For the past 10 weeks in this column, we've been talking about cardio walking, what it is, how to do it, and most important, why to do it. • Now it's time to put your cardio walking fitness plan all together into an overall program you can enjoy for months and years to come. • I coach both runners and walkers, and have done both myself for years. But I've made cardio walking the centerpiece, because it's an activity that offers considerable challenge, but can be accomplished without injuries that could set you back. • What's essential both for improvement and to avoid damage is a smart schedule, and a careful plan to develop your muscles and cardiovascular capacity.
Bottom line: Cardio walking can get you into the best shape of your life, delivering benefits that will keep motivating you to seek even greater challenges.
So, let's get moving:
Step 1: Pull out your calendar and find an hour on five days of the week that you can devote to your program. The other two days, you rest, and that's just as critical as the five days you work out.
Step 2: Recognize that walking alone won't strengthen your muscles enough for you to achieve optimal fitness and become a truly proficient cardio walker. You'll need extra moves to build up your hamstrings, ankles, quadriceps, core, back muscles and arms. Strong muscles prevent injury by holding your body in proper alignment as you move. That's especially critical as you build speed into your cardio walking. Bonus: You'll build bone density, too.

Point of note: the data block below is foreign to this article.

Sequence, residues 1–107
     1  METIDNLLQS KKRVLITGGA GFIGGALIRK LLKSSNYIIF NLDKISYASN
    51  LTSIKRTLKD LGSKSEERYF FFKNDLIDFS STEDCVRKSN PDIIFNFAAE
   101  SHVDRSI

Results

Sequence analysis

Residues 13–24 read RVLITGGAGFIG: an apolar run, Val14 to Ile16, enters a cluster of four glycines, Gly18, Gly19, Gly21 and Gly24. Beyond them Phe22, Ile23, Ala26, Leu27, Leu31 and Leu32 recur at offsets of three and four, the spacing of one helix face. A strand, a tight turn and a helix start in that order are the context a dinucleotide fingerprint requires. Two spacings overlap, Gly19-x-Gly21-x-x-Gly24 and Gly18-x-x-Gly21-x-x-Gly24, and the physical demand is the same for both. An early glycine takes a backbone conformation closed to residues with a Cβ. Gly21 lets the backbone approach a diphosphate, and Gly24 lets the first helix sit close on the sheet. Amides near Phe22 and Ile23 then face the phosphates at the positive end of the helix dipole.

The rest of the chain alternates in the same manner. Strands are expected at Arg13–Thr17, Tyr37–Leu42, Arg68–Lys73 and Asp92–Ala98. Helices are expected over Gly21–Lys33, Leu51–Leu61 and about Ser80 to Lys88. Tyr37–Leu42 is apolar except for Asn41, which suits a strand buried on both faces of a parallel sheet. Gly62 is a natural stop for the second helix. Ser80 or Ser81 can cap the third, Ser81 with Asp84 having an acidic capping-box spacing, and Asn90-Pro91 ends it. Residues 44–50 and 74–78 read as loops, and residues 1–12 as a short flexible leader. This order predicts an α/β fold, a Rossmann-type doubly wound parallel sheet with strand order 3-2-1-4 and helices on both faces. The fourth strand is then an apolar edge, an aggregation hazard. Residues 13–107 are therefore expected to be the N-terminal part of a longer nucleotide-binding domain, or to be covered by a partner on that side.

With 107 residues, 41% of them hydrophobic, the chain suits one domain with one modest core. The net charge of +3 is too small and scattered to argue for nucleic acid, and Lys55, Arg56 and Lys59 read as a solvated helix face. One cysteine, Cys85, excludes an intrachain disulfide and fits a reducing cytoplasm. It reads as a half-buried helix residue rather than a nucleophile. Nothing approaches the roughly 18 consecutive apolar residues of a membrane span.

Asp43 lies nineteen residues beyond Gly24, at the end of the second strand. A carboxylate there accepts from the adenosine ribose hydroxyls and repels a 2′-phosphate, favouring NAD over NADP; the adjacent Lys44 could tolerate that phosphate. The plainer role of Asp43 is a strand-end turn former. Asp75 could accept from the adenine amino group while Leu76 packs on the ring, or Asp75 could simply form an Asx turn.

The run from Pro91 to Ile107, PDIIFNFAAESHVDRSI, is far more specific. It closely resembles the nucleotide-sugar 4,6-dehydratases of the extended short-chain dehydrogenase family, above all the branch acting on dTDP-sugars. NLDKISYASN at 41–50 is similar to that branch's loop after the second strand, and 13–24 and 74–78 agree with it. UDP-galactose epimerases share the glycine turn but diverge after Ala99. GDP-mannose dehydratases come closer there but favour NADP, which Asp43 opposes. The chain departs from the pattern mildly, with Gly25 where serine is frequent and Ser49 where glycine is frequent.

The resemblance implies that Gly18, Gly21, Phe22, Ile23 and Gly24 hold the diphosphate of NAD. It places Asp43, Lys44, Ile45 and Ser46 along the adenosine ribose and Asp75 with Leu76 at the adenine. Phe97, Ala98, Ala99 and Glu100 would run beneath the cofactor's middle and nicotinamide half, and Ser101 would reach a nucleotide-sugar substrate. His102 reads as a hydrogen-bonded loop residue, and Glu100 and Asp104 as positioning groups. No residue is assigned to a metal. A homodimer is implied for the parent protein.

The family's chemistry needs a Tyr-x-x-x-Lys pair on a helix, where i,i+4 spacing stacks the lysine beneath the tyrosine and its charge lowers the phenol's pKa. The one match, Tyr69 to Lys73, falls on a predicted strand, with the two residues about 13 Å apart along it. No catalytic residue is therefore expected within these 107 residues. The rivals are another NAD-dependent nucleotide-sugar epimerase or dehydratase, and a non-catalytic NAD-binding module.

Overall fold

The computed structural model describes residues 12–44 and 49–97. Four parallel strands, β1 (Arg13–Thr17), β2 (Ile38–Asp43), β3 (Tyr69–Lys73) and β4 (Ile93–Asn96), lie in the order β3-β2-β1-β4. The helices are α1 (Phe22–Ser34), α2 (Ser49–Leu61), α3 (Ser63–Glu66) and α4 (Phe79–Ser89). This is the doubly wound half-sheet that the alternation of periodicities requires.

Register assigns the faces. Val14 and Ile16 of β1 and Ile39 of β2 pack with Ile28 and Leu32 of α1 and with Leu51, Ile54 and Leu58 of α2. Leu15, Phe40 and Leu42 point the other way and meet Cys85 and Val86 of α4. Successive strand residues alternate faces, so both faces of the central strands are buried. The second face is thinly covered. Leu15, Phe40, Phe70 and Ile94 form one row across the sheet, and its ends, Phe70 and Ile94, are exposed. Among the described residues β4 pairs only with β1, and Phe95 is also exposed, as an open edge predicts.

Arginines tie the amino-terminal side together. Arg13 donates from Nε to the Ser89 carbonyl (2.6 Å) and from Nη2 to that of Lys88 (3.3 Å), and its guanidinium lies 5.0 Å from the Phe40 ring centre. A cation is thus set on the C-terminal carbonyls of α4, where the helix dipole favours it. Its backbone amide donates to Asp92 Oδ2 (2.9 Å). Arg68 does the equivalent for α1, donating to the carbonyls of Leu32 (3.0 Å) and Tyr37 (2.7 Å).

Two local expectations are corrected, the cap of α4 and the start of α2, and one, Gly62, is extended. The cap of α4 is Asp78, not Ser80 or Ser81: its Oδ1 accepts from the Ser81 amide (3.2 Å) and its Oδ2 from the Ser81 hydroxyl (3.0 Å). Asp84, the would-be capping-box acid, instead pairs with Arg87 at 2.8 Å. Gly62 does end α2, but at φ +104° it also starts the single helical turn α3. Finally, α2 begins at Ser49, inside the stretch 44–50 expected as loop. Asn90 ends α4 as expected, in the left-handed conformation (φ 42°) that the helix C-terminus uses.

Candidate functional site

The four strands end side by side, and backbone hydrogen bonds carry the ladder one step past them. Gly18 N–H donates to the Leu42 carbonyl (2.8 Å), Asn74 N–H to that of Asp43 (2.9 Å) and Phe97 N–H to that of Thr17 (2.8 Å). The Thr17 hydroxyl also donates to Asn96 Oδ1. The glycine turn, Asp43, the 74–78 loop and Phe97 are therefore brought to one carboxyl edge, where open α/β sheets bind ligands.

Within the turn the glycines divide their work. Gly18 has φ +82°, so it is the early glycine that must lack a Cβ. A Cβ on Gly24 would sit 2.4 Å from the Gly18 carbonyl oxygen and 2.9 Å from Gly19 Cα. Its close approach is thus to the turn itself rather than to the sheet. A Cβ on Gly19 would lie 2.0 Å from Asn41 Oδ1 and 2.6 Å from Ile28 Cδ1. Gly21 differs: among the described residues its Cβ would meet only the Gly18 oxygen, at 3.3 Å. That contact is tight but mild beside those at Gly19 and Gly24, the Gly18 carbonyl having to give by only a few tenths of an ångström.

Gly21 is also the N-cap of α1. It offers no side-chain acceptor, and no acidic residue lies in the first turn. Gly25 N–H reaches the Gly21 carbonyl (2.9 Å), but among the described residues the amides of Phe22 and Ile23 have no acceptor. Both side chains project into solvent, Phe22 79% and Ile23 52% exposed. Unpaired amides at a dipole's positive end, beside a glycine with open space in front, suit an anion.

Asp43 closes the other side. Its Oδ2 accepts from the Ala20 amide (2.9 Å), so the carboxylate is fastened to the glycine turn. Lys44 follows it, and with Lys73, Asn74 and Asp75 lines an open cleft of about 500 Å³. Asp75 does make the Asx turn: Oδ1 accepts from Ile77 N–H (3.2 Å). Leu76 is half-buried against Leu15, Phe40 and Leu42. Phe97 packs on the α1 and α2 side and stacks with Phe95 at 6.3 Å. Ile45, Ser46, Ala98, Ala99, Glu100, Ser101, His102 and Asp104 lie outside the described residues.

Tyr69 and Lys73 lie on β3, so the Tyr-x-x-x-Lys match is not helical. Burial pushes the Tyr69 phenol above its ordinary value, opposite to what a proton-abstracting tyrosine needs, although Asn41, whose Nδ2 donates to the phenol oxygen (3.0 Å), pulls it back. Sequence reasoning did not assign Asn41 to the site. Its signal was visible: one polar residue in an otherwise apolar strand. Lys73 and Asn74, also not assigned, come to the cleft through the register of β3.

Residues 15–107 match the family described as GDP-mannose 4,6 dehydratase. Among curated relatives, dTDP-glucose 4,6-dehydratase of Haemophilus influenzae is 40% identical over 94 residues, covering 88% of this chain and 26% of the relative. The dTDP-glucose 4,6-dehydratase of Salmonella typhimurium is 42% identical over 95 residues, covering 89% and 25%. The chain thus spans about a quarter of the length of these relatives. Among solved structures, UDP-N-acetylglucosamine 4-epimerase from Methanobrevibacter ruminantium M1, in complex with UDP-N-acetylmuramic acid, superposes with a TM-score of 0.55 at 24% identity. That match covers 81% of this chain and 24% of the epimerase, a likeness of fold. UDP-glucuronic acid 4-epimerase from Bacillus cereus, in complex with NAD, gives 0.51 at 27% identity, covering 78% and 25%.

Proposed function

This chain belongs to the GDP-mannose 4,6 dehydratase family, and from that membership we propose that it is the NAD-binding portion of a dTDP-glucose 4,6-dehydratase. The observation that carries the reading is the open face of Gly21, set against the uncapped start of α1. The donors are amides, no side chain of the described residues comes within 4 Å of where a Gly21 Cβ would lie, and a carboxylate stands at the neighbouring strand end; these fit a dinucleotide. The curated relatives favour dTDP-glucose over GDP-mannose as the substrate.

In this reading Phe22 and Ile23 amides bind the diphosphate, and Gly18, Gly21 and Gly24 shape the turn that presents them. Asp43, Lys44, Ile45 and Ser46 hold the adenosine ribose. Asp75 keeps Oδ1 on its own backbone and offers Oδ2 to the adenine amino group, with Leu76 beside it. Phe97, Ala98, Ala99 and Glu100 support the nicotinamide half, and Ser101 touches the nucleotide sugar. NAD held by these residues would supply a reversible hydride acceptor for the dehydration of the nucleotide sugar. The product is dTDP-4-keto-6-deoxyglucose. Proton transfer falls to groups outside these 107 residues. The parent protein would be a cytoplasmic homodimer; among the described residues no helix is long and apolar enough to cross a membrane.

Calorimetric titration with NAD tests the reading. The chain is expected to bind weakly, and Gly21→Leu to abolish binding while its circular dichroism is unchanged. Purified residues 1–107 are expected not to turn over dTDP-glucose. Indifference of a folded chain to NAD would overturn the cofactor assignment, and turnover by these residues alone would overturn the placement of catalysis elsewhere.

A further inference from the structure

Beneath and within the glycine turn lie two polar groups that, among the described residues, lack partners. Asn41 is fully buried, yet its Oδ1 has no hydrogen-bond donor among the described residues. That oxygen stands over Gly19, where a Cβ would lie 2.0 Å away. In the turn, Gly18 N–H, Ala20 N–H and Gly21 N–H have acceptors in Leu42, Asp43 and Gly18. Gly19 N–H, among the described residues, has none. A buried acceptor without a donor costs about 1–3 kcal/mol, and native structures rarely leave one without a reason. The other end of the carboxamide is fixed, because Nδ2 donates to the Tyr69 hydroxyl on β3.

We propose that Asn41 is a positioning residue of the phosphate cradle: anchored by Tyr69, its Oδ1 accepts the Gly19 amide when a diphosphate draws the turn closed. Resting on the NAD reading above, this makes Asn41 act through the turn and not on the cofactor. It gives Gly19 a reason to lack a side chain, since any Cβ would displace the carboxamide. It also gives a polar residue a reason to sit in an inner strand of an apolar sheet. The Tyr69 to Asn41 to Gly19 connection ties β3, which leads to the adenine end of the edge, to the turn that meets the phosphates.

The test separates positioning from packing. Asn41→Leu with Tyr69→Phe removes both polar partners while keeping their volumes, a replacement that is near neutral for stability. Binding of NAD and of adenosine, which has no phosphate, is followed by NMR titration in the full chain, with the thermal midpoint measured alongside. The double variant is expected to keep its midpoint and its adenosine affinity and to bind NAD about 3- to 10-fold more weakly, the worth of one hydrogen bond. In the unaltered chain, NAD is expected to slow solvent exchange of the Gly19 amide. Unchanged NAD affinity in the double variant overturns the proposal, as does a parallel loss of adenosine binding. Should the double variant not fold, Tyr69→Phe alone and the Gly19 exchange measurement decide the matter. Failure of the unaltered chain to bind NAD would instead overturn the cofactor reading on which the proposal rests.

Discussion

Step 3: Stride right: As you improve, you'll need to take longer strides to make your gait as efficient as it can be. That comes from supple, well-stretched muscles. Stretching also can help prevent overuse injuries such as shin splints or bursitis.
Step 4: Watch your form: Correct posture, forward arm movement and heel-first foot strike all help eliminate wasteful movements during the walk.
Step 5: Set your goal: Generally, you have four goals in your fitness plan: duration, frequency, resistance and intensity. Specifically, mark two goals on your calendar. Decide what you want to accomplish in one month, then look ahead to three months.
You're the boss. Weight loss, distance, speed — you decide what's important. Need more guidance? Here's how my students generally progress:
• First month: Build distance and frequency. See the chart for a plan that has you getting faster each week. Whatever your starting point, every week you should aim to add 10 percent to your time or distance. If the body seems overtired, then adjust.
• Second month: Include resistance work to increase leg strength and gait efficiency. Pick one day per week and do a workout on hills (a well-lit parking garage is a good Florida substitute), StairMaster or elliptical trainer. Another day, speed up your walk for greater aerobic intensity. You might cardio walk in one direction, then turn around and come home, but a few minutes faster.
• Third month. Have fun! Find a distance event and bring a friend, or make a friend once you get there. If it's a shorter distance like a 5K, aim for a faster pace.
Lynn Gray is the founder of Take . . . the First Step in Tampa. Check out her website at www.firststepprograms.com, e-mail her at firstname.lastname@example.org or call her at (813) 453-7885.